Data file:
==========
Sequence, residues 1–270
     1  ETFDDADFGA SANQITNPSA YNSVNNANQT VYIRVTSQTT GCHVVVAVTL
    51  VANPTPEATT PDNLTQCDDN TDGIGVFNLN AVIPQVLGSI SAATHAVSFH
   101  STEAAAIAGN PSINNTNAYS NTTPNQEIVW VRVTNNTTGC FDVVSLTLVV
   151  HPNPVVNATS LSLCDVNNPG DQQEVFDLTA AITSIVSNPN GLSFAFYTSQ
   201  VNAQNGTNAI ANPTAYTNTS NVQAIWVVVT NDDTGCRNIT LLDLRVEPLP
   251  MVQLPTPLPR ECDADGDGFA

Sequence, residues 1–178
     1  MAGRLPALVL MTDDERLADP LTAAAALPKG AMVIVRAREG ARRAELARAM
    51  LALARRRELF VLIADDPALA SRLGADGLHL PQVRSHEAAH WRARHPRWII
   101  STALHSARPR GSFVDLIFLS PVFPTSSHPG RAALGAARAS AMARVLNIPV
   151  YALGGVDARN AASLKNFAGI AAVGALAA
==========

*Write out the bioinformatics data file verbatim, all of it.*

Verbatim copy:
Sequence, residues 1–270
     1  ETFDDADFGA SANQITNPSA YNSVNNANQT VYIRVTSQTT GCHVVVAVTL
    51  VANPTPEATT PDNLTQCDDN TDGIGVFNLN AVIPQVLGSI SAATHAVSFH
   101  STEAAAIAGN PSINNTNAYS NTTPNQEIVW VRVTNNTTGC FDVVSLTLVV
   151  HPNPVVNATS LSLCDVNNPG DQQEVFDLTA AITSIVSNPN GLSFAFYTSQ
   201  VNAQNGTNAI ANPTAYTNTS NVQAIWVVVT NDDTGCRNIT LLDLRVEPLP
   251  MVQLPTPLPR ECDADGDGFA

Sequence, residues 1–178
     1  MAGRLPALVL MTDDERLADP LTAAAALPKG AMVIVRAREG ARRAELARAM
    51  LALARRRELF VLIADDPALA SRLGADGLHL PQVRSHEAAH WRARHPRWII
   101  STALHSARPR GSFVDLIFLS PVFPTSSHPG RAALGAARAS AMARVLNIPV
   151  YALGGVDARN AASLKNFAGI AAVGALAA